Senator Sir KENNETHANDERSON (New South Wales - Minister for Health) (12.44) - Perhaps I could clear up this matter before the suspension of the sitting. The sections of the Conciliation and Arbitration Act to which Senator Bishop referred have been dealt with, as I understand it. But, in fact, they have not been availed of because no determination has been made under them. That is the situation as I understand it.


Senator Bishop - They have been used but the action has not been followed through. Is that it?


Senator Sir KENNETH ANDERSON - They have been stated to have been used by the unions. As a matter of fact, no determination has been made under them.


Senator Bishop - This is a different position, is it not?


Senator Sir KENNETH ANDERSON

The honourable senator is asking me for the facts and I am giving them to him. They have not been used and no determination has been made on that basis at all.


Senator Bishop - lt it a fact that applications have been made under sections 28 and 29?


Senator Sir KENNETH ANDERSON

As 1 understand the position, applications were made under sections 28 and 29, but in fact no decision was reached because it was never accepted that those sections could be used validly. The applications never proceeded to finality.

Sitting suspended front 12.45 to 2.15 p.m.


Senator Sir KENNETH ANDERSON - Before the suspension of the sitting for lunch both Senator Bishop and Senator Cavanagh adverted to sections 28 and 29 of the Conciliation and Arbitration Act. The question was posed as to why the Public Service Arbitration Bill gave power to the Arbitrator to deal with matters which sections 28 and 29 of the Conciliation and Arbitration Act entrusted to a conciliation commissioner. 1 set out to explain that the view of the Government's legal advisers was that the Public Service Arbitration Act is a special Act dealing with conditions of employment in the Public Service and that it excludes the operation of the Conciliation and Arbitration Act in the same field. Therefore the powers conferred by sections 28 and 29 of the Conciliation and Arbitration Act are not applicable to the Public Service. Moreover, even if this view is wrong and a conciliation commissioner purported to exercise power under these sections and to conciliate in an industrial dispute in the Public Service he would not make any follow-up orders. For example, he could not vary a determination made under the Public Service Arbitration Act. Therefore he would be powerless to settle a dispute by altering terms and conditions of employment.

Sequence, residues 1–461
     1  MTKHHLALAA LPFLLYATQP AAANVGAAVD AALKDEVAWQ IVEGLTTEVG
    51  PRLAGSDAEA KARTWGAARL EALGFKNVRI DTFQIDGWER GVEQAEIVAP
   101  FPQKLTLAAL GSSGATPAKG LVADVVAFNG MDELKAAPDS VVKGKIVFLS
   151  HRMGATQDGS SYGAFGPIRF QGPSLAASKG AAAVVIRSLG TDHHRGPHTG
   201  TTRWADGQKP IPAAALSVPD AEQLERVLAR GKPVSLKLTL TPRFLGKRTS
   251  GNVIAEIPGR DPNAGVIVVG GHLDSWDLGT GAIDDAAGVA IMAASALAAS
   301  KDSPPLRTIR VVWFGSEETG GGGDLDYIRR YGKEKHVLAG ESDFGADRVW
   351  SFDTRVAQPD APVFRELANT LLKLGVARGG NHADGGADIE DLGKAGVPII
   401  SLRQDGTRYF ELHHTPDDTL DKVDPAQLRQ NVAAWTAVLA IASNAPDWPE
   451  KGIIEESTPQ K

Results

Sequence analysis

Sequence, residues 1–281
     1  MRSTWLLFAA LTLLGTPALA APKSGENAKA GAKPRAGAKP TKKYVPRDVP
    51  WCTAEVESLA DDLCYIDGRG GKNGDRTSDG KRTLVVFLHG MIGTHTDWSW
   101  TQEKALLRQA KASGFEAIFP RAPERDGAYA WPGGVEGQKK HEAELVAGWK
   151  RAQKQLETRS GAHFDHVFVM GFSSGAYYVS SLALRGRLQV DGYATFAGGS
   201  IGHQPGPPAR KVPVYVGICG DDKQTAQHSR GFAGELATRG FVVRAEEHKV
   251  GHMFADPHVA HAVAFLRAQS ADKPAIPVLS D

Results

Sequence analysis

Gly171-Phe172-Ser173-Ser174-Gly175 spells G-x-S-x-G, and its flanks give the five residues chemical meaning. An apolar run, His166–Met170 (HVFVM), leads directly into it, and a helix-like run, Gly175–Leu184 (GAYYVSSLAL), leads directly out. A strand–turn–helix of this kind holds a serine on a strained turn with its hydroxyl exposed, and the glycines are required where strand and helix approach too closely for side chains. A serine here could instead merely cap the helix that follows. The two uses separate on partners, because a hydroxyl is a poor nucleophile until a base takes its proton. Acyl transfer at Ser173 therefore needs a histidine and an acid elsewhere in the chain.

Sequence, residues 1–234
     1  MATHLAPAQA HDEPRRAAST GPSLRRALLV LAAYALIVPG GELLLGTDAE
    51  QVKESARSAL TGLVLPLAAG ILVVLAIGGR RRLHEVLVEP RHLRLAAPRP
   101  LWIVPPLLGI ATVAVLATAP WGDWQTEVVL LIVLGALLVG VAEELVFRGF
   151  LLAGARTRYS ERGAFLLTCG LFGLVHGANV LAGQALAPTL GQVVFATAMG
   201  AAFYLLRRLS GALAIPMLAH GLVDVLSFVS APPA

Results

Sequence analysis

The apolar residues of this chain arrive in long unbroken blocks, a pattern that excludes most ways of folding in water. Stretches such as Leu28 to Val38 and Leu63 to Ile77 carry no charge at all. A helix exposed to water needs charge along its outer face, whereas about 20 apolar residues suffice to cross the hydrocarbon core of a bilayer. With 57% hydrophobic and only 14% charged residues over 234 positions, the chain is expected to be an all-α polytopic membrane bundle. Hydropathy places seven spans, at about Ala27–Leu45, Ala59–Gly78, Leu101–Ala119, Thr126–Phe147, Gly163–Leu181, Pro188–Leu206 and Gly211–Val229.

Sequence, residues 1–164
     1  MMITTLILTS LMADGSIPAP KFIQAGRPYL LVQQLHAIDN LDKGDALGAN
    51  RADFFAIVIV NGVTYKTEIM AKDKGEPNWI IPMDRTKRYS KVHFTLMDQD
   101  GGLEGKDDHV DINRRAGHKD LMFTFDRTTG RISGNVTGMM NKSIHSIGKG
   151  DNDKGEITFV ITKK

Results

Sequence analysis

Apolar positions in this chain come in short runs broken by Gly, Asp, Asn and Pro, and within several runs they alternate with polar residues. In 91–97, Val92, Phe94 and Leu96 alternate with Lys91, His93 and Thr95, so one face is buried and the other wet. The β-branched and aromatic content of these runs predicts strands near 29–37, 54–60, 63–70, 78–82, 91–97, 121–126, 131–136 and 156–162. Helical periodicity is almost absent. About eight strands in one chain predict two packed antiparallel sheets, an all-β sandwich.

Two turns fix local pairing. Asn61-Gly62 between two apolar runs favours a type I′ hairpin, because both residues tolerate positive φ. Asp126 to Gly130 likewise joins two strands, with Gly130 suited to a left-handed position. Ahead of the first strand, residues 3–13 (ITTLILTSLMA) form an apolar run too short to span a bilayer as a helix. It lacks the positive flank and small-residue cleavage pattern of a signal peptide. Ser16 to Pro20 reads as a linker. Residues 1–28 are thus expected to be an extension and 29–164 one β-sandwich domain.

I was also asked - I think by Senator Cavanagh - where it was provided in the Bill that the Arbitrator's powers in relation to industrial situations were restricted to dealing with industrial situations involving the Public Service. The answer is to be found in the proposed new section 12b. As I understand the effect of this new section, the powers conferred by proposed new sections 12c to 12e relate only to industrial situations where those situations involve the Public Service. I hope that the information which I have given in reply to the points raised will be helpful. I feel bound to say that we are dealing only with clause 3 at the moment.